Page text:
Classic Theme Restorer has been designed to bring back features and designs that Mozilla removed when it launched the Australis interface back with Firefox 29.
The extension has evolved over time and it does more than changing rounded to squared tabs. In fact, it always did more than that but its author has added new features on a constant basis that may make it interesting even if you like the Australis interface and the changes that came along with it.
This guide looks at ten reasons, or features if you want, that Classic Theme Restorer offers that make it an interesting add-on that Firefox users should take for a trial ride.
Worst thing that happens is that you don't need what it offers, and that is easily fixed by uninstalling it again from the browser.
1. Tabs where you want them
I always preferred tabs on bottom and not on top of the browser. Mozilla's reason for removing the tabs on bottom feature was that it broke the flow of elements that belonged to the open site and those who did not.
I don't think that this is a problem at all, and that it all comes down to how users use Firefox. I prefer tabs on bottom as it saves me mouse movement for example. It may not be much but it adds up throughout the day and since I don't use the location bar that often, it is the convenient option.
With Classic Theme Restorer, you get to choose where to display tabs in Firefox and how they should look like.
2. Other Tab customizations
Apart from selecting where to display tabs in the browser UI, additional options to customize tabs are provided by the browser extension.
3. Tab colors & text
You can use Classic Theme Restorer to change how tabs look like in Firefox. The extension provides customization options for selected, hovered, default, unloaded and unread tabs.
For each, it allows you to change the background color, text color, text shadow color, and set them to bold or italic.
I use it to highlight the active tab and mark unread tabs in the browser in a special way which makes it easier to identify those in the process.
4. Small buttons
The option to display small buttons on the navigational toolbar was removed in Firefox 29 alongside Australis. You can restore small buttons on the navigational toolbar using the extension.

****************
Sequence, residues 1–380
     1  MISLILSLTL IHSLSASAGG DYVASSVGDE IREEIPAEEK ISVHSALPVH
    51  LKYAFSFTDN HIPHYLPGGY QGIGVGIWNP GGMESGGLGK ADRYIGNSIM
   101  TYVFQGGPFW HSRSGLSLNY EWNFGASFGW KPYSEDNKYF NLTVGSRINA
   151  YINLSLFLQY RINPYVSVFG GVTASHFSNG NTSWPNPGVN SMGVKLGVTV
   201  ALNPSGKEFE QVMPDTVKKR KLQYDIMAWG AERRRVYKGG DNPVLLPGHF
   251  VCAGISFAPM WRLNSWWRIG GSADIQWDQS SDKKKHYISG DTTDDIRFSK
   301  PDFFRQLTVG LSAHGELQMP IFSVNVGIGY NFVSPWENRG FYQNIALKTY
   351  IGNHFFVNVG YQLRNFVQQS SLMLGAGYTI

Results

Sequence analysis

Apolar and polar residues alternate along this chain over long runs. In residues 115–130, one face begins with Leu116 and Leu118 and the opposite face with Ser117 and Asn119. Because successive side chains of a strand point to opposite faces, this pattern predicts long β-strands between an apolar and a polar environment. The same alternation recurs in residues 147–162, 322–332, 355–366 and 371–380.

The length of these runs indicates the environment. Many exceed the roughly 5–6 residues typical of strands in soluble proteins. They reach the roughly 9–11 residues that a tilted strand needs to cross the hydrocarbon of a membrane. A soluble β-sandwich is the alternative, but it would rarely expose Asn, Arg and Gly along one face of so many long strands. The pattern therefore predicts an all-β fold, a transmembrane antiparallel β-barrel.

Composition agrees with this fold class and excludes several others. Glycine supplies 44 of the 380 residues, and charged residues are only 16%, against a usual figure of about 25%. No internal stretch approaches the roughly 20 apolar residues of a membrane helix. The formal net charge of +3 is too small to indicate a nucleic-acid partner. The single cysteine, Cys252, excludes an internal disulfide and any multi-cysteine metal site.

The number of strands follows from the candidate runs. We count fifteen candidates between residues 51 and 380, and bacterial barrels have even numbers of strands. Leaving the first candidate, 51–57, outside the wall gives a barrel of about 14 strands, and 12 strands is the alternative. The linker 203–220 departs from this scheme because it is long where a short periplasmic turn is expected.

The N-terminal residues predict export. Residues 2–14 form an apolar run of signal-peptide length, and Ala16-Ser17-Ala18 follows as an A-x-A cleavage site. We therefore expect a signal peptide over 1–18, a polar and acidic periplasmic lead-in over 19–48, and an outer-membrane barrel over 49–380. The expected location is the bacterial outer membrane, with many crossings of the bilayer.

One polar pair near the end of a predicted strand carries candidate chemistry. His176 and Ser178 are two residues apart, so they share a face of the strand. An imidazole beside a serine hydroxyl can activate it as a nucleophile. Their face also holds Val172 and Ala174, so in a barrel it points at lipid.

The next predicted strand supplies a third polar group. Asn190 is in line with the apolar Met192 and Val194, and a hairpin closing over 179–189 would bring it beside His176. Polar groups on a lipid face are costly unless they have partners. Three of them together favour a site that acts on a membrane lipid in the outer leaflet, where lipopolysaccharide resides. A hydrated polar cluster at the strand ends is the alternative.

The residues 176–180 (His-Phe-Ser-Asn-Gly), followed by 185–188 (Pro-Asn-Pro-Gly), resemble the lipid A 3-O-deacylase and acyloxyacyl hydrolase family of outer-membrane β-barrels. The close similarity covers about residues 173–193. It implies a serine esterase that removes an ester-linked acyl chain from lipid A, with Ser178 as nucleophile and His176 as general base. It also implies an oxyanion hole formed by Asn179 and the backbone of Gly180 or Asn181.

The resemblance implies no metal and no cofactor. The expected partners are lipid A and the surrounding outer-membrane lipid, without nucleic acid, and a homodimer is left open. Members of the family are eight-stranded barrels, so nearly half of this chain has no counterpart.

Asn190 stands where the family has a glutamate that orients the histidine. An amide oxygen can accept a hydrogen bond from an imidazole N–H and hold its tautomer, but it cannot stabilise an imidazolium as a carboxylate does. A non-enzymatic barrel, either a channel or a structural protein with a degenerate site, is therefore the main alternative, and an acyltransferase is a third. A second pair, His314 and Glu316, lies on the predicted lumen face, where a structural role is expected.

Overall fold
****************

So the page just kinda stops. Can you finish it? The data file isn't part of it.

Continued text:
The effect is that you save a couple of pixels in height.
5. Remove icons from context menu
Mozilla added icons to the right-click context menu on pages some time ago. While that may make sense on touch devices, it does not really on mouse and keyboard devices.
Use the "page context menu" option of the extension under General UI to replace all icons with labels again.
6. Location Bar changes
Features have been moved and removed from Firefox's location bar as well in recent time. The bookmark star icon is not displayed there anymore for instance. The same is true for the RSS feed icon.
Classic Theme Restorer can:
7. Set the findbar position
When you hit F3 or Ctrl-f you open the on-page search in Firefox. It is displayed at the bottom by default. You can use the extension to display it at the top instead if you prefer that location and also set its position there.
8. Display Firefox application button
The Firefox button was removed in Firefox 29 and replaced with the Hamburger menu icon. It is possible to restore it using Classic Theme Restorer.
You can define its position, customize it visually and functionality wise.
9. Visual changes
Classic Theme Restorer ships with quite a few options to make visual changes to the browser. This includes removing background colors and fog from toolbars, disabling or enabling animation, or inverting icons.
10. Add "open in private window" to bookmarks context menu
This feature adds a new entry to the right-click context menu of bookmarks. You can use it to launch the bookmark in a private window.
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Ghacks is a technology news blog that was founded in 2005 by Martin Brinkmann. It has since then become one of the most popular tech news sites on the Internet with five authors and regular contributions from freelance writers.